I will take a moment to note that I was particularly interested in this topic because I have always had what is regarded as a "good" memory. Foer's research would say that there really is no such thing as some people having better memories than others; rather, it seems, I've just always naturally done some of the things that are necessary for memorizing. For example, one of the first things Foer is taught is to create a "memory palace." This means choose a place that is very familiar to you, create arresting, bizarre and indelibly memorable images for each word or thought you're trying to memorize and then place them throughout your chosen place. Then you can recall your items by walking through your memory palace and spotting the images in the order required. I've never created a memory palace but I've also never had to write out a grocery list; instead of doing that, I picture the store I'm going to, think about what I need and where they are in the store. Then I go to the store and just walk through the store as I visualized my path through the aisles. I never forget anything that way. However, I bet if I planned what I needed from a store that way, got to that store and found it closed, then tried another store I didn't know, I would forget half of what I wanted. When it comes to memorizing lines, I don't give images to the words, but I do get help by picturing the text on the page. If I'm memorizing lines and get lost in the middle of a scene, I can see in my mind the length and "shape" of the sentences and find my place again (most actors would agree that memorizing words from a page is only a light form of memorizing; you really, unforgettably learn them when you block a scene and work with the other actors). I have an odd ability to memorize numbers, but no good visual explanation for that. And if asked to memorize pi to the 33,000th place or whatever it is the memory tournament competitors do, I'd probably fail without solid study and technique. But driver's license number, credit card numbers, library card number? Yeah, I've got them.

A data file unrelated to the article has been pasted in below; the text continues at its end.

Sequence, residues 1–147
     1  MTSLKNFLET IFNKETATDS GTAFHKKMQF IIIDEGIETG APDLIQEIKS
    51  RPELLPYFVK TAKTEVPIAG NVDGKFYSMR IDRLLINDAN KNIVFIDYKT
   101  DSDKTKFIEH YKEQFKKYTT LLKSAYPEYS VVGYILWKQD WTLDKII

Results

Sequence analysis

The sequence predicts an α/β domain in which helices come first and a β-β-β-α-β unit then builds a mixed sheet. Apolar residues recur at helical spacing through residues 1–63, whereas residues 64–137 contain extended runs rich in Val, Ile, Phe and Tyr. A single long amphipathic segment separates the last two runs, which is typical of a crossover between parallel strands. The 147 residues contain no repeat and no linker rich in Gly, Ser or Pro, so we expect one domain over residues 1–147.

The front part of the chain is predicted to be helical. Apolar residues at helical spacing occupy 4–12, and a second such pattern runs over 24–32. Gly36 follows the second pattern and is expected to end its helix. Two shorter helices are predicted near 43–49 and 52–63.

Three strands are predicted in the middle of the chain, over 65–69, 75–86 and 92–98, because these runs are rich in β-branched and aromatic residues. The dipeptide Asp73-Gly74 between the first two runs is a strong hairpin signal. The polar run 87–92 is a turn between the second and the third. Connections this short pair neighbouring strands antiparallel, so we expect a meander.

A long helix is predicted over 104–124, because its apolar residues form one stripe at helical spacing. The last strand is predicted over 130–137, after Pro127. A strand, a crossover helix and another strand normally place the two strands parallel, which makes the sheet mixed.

But these skills of mine are nothing to brag about. Foer realizes at the end of his year of memorization, when he debates competing in more memorizing tournaments, that this isn't a particularly important or worthwhile thing to do. Memorization of facts, numbers, odd things, just for the sake of memorizing them is as important to modern day humans as being able to carve a really nice spear out of a branch and a stone. Sure, there is the possibility that you might need this skill if all else fails, but it's unlikely. You could lose your phone and realize you don't know anyone's number, but chances are you could find someone who will help you.
However, Foer writes that he did learn something much more important than techniques for memorization--that if you try hard enough, and have the proper techniques, you really can improve your ability to do almost anything. You may never be able to slam dunk, but if you work at it you can improve your vertical leap. You may never be a concert pianist, but you can learn to play something on the piano. With the right kind of approach, and the right kind of practice, our brains and bodies do allow us to improve and learn, and that is a fascinating lesson in itself.
It reminds me of running a marathon (I've done three, hope to do more). You work really hard at it for months, you read about how to train and prepare and then you do it, and it's exciting and you're elated and feel like shouting to the world, "Look at me! I just ran a marathon in  hrs and  minutes!" Then the next day you think to yourself, "What did I really do? I didn't invent anything, I didn't save anyone. Running 26.2 miles has no use in my daily life. I did it and now it's over and my 'achievement' now seems frivolous and silly." But you did get something out of it--the knowledge that you set a really tough goal--albeit a silly one--for yourself worked at it, followed through and finished it. It sounds funny, but there are honestly times where I'll be struggling with something and will actually think, "If you could get yourself to run a marathon you can get through this." I can't believe it, but I'm about to invoke one of the world's biggest cliches: "It's not the destination, it's the journey." A task, as Foer found, may seem pointless, and an achievement essentially meaningless, but it really isn't if you acquired something else in the process.
I think I better end here on the off chance that Foer finds this and cringes at how a review of his book has turned into something cheerfully self-affirming, like a boilerplate page from Oprah's magazine. So I'll just say read the book, you'll like it.
And for my next achievement: I promise to write short reviews from now on.